Copyright Michael Wadman
Leather’s Coaches of Maiden Bradley
The ubiquitous Bedford OB / Duple Vista of course, but GWV 101 is interesting in that it spent its entire operational life with Leather’s Coaches of Maiden Bradley, Wiltshire. Leather’s was one of the last surviving traditional village bus operators with origins as horse-drawn hauliers. Basil Leather was still the proprietor when he bought GWV 101 new in 1951. He sold the business to Donald Newbury, one of his drivers, in 1962, and it subsequently passed to Don’s son-in-law and daughter, Len and Sylvia Cooper, but the fleetname of Leather’s Coaches was retained throughout. In latter years GWV 101 was only used on special occasions. On 17th October 1992 it operated, by prior arrangement, on the “small bus” duty on Leather’s bus service between Gillingham, Frome, and Warminster. Len and Sylvia were driver and conductress for the day, and are seen here with the coach after arrival in Warminster.
Len and Sylvia retired in January 1998 but kept GWV 101 as a preserved vehicle.
Photograph and Copy contributed by Michael Wadman
29/07/12 – 16:31
Yet another pristine example of this most legendary model. I absolutely loved them for their utter honesty – economical, gutsy beyond belief, handsome, and the providers of some of the finest acoustic delights one could wish for. I’m sure many, like me, simply drooled over the pure but sharp "top of the scale" whining and howling in the lower three gears – occasionally including a forgivable "back fire" – before settling into the trolleybus like top gear. Thereafter one would sail along with a bit of timpani, not annoying in the least, from the twittering rear springs that very one of these little gems displayed. Oh, for a trip to the seaside in one right now, or perhaps a ride to Town in one of the utility service bus variants whose unbelievable performance when often grossly overloaded was yet another legend.
I make no apology for this glowing accolade – our little heroes richly deserve it.
30/07/12 – 07:02
Still in a lovely condition. I saw it on Wednesday 25th July at a gathering at Longbridge Deverill, Wiltshire.
30/07/12 – 07:03
Chris, I’ll ‘second’ every word you’ve said. The OB sound still sends shivers up my spine. The only other things to do that are the sounds of a straight cut geared manual AEC box and a fly past by the Battle of Britain Memorial Flight!
30/07/12 – 11:07
I have a special soft spot Eric for one little Bedford in particular – this was in the RAF and was 00 AC 62. It was stationed, like me, at RAF Patrington and for some odd reason, especially at a top secret establishment, was driven usually by a civilian driver, Sam, who lived nearby in the Village. Our daily journeys to and from shifts at the radar site, some five miles away at Holmpton, were on board Bedford QL lorries (acoustic divas in their own right), or brand new Bedford SB petrol/Mulliner buses (coach, service, convertible to ambulance, Bedford 4 x 2, Mulliners Ltd.^) or the little star of the Station. Sam drove it exceptionally well with skill and affection and, as in many other cases, why on Earth didn’t I take some pictures. I can though still picture those well worn light green canvas type seats.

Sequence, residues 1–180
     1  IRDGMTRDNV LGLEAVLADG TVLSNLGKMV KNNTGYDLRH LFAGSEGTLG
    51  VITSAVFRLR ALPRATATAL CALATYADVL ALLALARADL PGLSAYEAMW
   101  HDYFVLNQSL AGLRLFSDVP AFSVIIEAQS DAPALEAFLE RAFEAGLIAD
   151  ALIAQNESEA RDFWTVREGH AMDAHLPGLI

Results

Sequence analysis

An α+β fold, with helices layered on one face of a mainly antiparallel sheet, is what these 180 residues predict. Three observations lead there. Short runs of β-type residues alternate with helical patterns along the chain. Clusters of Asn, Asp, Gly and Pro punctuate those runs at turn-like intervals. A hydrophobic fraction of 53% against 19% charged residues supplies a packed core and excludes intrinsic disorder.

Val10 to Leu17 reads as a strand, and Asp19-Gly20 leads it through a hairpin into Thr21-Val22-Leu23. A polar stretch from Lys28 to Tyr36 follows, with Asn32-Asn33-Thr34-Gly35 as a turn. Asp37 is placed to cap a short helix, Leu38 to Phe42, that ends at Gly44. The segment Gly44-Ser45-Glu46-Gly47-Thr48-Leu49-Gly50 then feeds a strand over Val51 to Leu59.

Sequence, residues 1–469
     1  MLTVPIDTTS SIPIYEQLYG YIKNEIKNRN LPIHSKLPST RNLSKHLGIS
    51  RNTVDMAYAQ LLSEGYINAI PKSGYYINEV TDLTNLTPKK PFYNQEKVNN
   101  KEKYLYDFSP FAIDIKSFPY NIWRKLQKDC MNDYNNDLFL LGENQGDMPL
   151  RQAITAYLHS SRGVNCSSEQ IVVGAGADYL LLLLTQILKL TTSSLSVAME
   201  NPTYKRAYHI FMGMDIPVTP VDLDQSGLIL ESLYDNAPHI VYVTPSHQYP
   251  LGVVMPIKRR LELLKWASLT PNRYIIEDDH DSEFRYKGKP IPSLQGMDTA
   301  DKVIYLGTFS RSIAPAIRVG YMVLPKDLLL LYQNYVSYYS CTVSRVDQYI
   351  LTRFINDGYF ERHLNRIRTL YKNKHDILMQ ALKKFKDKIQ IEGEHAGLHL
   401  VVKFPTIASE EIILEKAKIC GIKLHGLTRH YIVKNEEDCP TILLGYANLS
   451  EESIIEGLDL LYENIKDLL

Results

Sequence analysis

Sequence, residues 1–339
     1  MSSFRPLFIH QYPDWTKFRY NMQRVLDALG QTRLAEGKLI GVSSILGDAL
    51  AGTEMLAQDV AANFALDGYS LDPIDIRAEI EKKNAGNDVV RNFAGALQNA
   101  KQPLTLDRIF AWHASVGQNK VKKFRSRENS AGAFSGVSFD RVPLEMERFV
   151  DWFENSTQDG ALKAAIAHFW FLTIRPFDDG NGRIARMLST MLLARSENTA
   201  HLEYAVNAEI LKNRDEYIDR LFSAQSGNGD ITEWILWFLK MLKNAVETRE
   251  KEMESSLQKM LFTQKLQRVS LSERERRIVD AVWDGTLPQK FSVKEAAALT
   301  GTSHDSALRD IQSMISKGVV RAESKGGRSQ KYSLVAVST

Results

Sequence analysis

To avoid any confusion, our living quarters at Patrington Haven are now a rather fine holiday home village, and the Radar site at Holmpton is now the National Defence Archive and is open to the Public – but you will have to just imagine those glorious Bedford sounds as you make you way there by car !!
30/07/12 – 11:08
And for those such as myself who live a long way from the nearest active OB there’s always EFE’s 1/76 scale model of this very vehicle. Haven’t bought it yet due to financial constraints – I also want one of EFE’s Silver Star double-deckers to go with it!
Looking at the picture I suddenly realised that it’s been 45 years since I last rode on one of these lovely machines in ordinary everyday service – during a two week holiday in Cornwall in 1967 I rode on them at least twice each day on Hawkey of Wadebridge’s services to the coast. Good times.
30/07/12 – 15:59
I’ve never seen a bus empty so fast as when stationed in Nicosia in 1957 the driver of our Mulliner SB admitted he hadn’t done a bomb check that morning!
30/07/12 – 16:00
I can still remember the ride I made with my Dad to go on holiday in 1951 to Bridlington from Bradford. The coach was a Bedford OB on a private hire trip from a local textile mill. My sister, who suffered travel sickness and my Mum went by train but I jumped at the idea of going by coach. As Chris Y says the music from the Bedford transmission was something never to forget. Happy days.